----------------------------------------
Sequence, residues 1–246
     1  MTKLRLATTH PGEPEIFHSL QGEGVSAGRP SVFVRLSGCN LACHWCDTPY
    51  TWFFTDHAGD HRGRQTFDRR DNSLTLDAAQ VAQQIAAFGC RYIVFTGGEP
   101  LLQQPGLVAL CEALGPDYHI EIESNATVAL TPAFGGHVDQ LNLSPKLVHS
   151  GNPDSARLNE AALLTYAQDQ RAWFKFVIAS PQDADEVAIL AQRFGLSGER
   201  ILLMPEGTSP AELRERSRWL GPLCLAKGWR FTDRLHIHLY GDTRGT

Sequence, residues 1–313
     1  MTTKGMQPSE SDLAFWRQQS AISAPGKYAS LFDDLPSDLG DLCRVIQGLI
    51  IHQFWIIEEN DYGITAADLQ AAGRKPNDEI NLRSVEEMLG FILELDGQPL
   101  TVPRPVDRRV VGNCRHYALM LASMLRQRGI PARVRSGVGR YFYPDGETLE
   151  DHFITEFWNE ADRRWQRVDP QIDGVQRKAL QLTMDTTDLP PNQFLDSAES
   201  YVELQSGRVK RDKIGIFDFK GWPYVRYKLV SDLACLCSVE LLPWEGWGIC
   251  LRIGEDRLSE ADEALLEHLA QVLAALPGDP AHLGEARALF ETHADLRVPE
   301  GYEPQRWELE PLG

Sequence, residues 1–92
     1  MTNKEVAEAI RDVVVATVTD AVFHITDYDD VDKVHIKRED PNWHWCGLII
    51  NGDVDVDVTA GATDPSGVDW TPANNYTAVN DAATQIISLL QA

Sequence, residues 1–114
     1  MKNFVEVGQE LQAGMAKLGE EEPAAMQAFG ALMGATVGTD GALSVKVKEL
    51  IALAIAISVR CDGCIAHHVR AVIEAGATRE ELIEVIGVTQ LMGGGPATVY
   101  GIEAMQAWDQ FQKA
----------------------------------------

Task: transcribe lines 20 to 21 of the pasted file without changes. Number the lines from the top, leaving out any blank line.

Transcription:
    51  IALAIAISVR CDGCIAHHVR AVIEAGATRE ELIEVIGVTQ LMGGGPATVY
   101  GIEAMQAWDQ FQKA